Parent Connection Research Paper
Being a parent and learning the ropes around your country’s school can be confusing. I can barely imagine being in a new country trying to find your way. These four articles are about people involved in ELL programs doing research and giving best practices in these programs. There are many barriers that immigrant parents can face. When coming into a new school these parents can experience a whirlwind of differences between how their culture and the school differ from their native country. A reoccurring theme that was brought up in the article was that there is a certain type of stigma placed on the programs offered at the school. In many cases the parents were not fully aware of what the program consisted of. Different cultures sometimes do not have parental involvement within their own schools; these parents can still be following their own customs that can negatively affect the student. The school can also try to reach the parent via flyer or phone, but this can cause a problem if the student has to translate. In this case, what message is the parent really receiving? Even if we can pass the first step of parental involvement, they still may have complications with trying to help the students because of their own language barrier. Helping their child with homework becomes an obstacle. In some countries there is not a set school structure or any importance of schooling. This is why it is imperative for teachers to get involved to best inform parents on how their child can be successful in an American school.
Within every part of a child's life parental involvement is imperative for their success. It is even more so when it comes to school, and on top of that, when you are in a new country. The first level of success of an English language learner teacher is when the parents become involved. Lack of information or clarity in a program can be mixed in whether they know about the program, know little or nothing at all (Lueck, 2011). This can only be fixed when teachers become involved to fully understand each parent and how we can help them within a new program. With the difficulties that hinder immigrant parents from involvement in school activities, I explored Cuban culture to help come up with an event that would strengthen parental involvement within this cultural group.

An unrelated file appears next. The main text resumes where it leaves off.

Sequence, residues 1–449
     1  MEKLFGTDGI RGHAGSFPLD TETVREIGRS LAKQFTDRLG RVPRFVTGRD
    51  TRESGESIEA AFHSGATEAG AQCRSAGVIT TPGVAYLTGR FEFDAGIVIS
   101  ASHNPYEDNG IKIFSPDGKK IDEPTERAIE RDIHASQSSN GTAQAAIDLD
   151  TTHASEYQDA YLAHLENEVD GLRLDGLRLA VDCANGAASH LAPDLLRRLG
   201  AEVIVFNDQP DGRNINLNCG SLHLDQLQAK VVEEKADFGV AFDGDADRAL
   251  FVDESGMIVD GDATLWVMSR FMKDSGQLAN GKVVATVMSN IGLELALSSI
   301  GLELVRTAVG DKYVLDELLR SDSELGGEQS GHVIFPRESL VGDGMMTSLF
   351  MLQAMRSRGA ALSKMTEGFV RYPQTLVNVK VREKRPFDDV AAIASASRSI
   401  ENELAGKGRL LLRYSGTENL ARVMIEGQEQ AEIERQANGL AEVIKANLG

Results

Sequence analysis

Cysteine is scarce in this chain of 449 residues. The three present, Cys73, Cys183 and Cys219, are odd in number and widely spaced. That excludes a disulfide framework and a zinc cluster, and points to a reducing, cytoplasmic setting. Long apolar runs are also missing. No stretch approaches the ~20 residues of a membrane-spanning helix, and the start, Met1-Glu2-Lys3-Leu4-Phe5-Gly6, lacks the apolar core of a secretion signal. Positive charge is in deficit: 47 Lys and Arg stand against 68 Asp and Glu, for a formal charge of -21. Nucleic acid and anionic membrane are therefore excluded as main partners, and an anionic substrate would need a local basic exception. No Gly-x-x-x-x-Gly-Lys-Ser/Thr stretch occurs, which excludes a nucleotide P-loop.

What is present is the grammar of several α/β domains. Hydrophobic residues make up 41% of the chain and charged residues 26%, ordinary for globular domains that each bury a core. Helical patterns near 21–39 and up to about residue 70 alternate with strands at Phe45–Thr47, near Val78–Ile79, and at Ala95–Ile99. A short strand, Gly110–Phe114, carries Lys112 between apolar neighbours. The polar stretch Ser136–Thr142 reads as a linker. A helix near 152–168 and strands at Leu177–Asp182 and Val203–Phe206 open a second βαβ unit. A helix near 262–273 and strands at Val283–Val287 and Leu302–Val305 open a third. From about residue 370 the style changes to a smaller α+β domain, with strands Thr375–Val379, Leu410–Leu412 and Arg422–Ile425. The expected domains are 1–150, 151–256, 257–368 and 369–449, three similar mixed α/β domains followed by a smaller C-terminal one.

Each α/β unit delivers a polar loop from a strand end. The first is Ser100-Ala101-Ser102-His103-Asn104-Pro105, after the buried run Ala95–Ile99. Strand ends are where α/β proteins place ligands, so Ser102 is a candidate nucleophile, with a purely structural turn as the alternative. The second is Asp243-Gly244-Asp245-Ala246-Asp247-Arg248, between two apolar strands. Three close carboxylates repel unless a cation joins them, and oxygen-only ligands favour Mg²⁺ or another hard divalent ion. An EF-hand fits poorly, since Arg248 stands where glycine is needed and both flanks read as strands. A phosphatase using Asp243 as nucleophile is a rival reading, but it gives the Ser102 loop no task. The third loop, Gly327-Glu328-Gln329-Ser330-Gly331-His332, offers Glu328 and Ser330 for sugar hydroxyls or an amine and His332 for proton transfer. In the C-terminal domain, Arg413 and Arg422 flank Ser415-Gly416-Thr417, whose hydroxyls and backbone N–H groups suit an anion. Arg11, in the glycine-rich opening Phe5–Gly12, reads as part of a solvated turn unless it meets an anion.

In the beginning of my research I interviewed Cindy Garcia, whose family emigrated here from Cuba. This gave me an understanding of the culture I was about to divulge into. Cuba today “is a unitary socialist republic. The government is totalitarian, exercising direct control or influence over most facets of Cuban life” (Levinson, 2014 para.1). Living in America it is hard for me to imagine a totalitarian government, but this puts in perspective why Cindy's parents “left for a better life” (Garcia, 2014). They also mention that “freedom of speech is severely curtailed, and several independent journalists have been imprisoned for allegedly insulting the president” (Levinson, 2014 para.6). Working in Cuba today consists of “in-kind contributions to the government by participating in mass organizations, volunteering for agricultural work, or meeting production quotas through overtime” (Levinson, 2014 para.7). That is an example extreme totalitarianism; they cannot express their own opinions in fear of being imprisoned. Many jobs are arranged by the state and if you are self-employed you are highly taxed (Levinson, 2014). With the country in control of what you can hear and in control of jobs being arranged, to me it seems that no matter what kind of education you have the country is in control of your family lifestyle. Many schools in Cuba and the Cuban culture consider primary education a top priority (Cuba education, n.d). One main difference in American schools and Cuban schools is they also find it necessary to integrate socialization. In the teenage years,